1. As time goes by…Good one. What a wonderful experience. We have talked about heading there one year. The food looks wonderful and the friendly people a bonus. I’m looking forward to you – playing it again.
    Ali x

    Liked by 1 person

  2. Cool photos. Have not been to Morocco yet, so this was informative. To ask a naive question: is it recommended to wear a head scarf in public, or is it even inappropriate for non-Muslims?

    Liked by 1 person

    1. No scarves necessary. We saw all kinds of clothing–only one niqab (the head-to-toe tent that has only a slit for the eyes); some in djebellas and head scarves; some in djebellas with no scarves, hair loose; some in skinny jeans and head scarves, some in skinny jeans and no head scarves. No shorts. Some skirts, including above the knee but not short short. I wore an above-the-knee skirt and felt completely appropriate. I was surprised by the number of skin-tight jeans. I’d say it was about 50-50 completely Western dress vs. traditional dress/scarves.


  3. Very nice picture. I especially like the one of the terra-cotta archway with colored steps behind it. And the tiny little moon over the fortress.
    I bought a tajine several years ago but haven’t quite figured out yet how best to use it.

    Liked by 1 person

          1. My ex husbands mother was married to a man from a wealthy Casablancan family … oh my – I learned about tajines and I learned about real mint tea and I still have the wonderful couscoussière given to me by the arrière-grand-mère (always known as Zoot) along with several tajines for serving and just one for cooking. I am not certain she had ever cooked in her life – manicures to make Mme Macron swoon 😉

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  4. Your kid does indeed have a very good eye for detail and for the bigger picture. I loved the little nod to Bogie and Bergman and look forward to more from this little sojourn soon.

    Liked by 1 person

  5. our visit was very different, 20 years ago, but I would go back. a few memories;
    -being in the open center of the old medina when the wailing started from that tower., everyone dropped to their knees except us….what to do? a knife pulled on us in that same medina, down one of those “no go” alleys, skinned cats with head masks hanging in the food market, I could not sit in an outdoor cafe, men only. Did you experience any of that?
    a good memory remains, a summer dress I bought on the street for $5.00, I still wear it and it is in the same condition when I bought it!!

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    1. Wow, no, nothing like that at all. Men, especially young men, would nearly twist off their heads to stare at young women. (Now that I’m of a matronly age, I escape looks.) One woman who was giving us directions suddenly started yelling at some men who walked by–I was bewildered–I hadn’t seen or heard them do anything, but she told us, miffed at them, that they had been rude. I never felt unsafe at all–quite the opposite. We walked around and ended up in strange corners of the medina, and somebody would always point us back on the right way. I didn’t see cat heads (are you sure those weren’t rabbit? They look nearly identical skinned), but there are feral cats everywhere. I wasn’t alone, so there was no problem with cafés. When I last visited Morocco, it was about 15 years ago, and I just stuck to tea salons (female friendly, and full of friendly females–I had some nice conversations with strangers) instead of cafés. We rode the tram, which was clean and modern and not nearly as packed as the buses, which we avoided.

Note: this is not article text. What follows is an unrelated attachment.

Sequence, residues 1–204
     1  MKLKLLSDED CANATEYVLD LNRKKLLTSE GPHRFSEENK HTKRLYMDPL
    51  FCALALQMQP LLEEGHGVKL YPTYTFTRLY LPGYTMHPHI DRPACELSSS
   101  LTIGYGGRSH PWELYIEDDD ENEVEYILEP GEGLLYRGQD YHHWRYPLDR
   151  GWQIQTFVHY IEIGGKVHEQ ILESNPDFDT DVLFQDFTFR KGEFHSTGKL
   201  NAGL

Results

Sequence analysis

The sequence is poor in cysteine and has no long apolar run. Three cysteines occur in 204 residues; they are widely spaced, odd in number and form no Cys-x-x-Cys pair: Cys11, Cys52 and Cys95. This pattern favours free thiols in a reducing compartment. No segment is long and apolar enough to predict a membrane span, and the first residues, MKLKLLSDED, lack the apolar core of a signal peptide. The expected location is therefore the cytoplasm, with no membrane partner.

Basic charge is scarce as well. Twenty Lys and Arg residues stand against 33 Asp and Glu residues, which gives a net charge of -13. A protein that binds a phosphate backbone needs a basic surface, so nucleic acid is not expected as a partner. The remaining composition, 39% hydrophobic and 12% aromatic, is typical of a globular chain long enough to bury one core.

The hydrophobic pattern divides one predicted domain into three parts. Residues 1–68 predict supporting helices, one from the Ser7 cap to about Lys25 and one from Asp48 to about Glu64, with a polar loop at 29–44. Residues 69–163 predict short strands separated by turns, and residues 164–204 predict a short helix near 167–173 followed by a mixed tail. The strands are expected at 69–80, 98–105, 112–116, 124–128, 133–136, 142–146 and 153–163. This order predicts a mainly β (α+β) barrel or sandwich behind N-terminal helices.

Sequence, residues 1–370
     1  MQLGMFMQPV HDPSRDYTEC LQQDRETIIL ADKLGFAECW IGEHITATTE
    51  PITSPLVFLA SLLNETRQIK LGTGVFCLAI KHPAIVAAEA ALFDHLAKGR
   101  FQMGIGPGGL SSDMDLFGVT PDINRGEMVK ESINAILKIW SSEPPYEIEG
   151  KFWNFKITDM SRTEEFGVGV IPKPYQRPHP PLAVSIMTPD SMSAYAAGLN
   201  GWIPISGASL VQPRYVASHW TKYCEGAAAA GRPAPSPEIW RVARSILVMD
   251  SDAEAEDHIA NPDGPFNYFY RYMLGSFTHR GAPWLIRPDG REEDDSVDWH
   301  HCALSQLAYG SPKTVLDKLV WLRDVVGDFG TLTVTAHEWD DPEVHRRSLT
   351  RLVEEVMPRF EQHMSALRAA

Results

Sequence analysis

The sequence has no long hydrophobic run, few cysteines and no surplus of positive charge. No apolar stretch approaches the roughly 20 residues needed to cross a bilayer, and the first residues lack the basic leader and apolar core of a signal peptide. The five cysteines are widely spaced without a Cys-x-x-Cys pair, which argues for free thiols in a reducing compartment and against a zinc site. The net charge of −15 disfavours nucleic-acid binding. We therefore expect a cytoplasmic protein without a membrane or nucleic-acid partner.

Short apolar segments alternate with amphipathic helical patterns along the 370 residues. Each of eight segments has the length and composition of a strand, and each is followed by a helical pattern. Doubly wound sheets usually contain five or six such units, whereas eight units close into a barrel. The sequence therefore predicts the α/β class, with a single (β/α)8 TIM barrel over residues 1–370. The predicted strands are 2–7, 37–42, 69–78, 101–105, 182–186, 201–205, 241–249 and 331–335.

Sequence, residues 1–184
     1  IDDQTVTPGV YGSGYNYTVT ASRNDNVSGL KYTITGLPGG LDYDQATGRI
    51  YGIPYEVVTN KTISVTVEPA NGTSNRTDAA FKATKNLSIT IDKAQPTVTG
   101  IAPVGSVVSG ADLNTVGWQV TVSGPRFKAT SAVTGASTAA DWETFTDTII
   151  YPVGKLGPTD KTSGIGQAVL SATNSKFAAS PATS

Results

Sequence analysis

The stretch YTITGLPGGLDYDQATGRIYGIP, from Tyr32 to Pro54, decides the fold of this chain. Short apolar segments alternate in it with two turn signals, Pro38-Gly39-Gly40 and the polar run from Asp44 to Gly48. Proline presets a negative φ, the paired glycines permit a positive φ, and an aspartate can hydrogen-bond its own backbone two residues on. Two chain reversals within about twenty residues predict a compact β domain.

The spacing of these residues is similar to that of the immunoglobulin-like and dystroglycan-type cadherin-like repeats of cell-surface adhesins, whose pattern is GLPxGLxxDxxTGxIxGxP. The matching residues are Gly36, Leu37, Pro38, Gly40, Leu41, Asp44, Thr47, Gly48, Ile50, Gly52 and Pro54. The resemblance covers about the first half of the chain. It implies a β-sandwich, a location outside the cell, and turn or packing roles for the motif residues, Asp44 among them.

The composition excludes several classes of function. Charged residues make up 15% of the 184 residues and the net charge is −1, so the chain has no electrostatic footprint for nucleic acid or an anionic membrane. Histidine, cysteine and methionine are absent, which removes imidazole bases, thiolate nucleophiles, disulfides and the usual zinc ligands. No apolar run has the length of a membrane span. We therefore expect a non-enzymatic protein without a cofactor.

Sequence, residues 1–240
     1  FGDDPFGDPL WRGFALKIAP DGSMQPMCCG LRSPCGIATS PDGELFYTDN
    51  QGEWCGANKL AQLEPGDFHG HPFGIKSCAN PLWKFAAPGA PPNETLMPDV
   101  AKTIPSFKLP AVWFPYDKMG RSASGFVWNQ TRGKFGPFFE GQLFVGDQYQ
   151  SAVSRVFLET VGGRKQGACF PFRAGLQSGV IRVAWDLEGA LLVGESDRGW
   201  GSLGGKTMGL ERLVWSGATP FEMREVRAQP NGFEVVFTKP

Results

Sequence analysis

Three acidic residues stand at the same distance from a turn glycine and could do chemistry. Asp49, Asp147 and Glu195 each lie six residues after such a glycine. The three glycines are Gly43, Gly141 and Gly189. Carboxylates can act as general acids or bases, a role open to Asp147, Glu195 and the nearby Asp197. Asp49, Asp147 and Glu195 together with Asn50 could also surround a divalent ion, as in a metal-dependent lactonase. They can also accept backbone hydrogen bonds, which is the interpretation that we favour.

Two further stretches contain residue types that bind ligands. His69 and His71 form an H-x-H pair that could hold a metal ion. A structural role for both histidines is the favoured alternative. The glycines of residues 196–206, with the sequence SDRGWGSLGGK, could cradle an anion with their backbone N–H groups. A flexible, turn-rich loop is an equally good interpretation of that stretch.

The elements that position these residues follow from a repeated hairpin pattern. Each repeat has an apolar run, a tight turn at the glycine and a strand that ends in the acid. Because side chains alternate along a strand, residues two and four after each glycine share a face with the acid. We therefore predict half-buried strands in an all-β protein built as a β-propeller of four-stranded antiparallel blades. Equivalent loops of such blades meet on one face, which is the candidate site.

6. So fun and your kid’s photos are very good. I’ve always wanted to see Moroco, but have wondered if there might be a problem with terrorism… Something I would check into before I went. Art Deco in Morocco… Now that surprised me! I’m looking forward to more photos and more about your trip!

    Liked by 1 person

    1. The amount of security at the Casablanca airport reminded me of the threat of terrorism, but I didn’t notice anything otherwise. The last attack was in 2011. Morocco is a pretty tolerant country overall. You are far more at risk of a mass shooting by some angry white guy in the U.S., which, for some reason, doesn’t count as terrorism.


  7. I last went to Morocco far too long ago. I went with a girlfriend to Marrakesh and, in those days, you couldn’t fly direct from the UK. I absolutely fell in love with the place and vowed to return – not yet accomplished! I’ve also been to Tunisia a couple of times but prefer Morocco. We were in our late twenties and never felt threatened, although speaking French to get rid of any unwanted attention, certainly helped! Great post.

    Liked by 1 person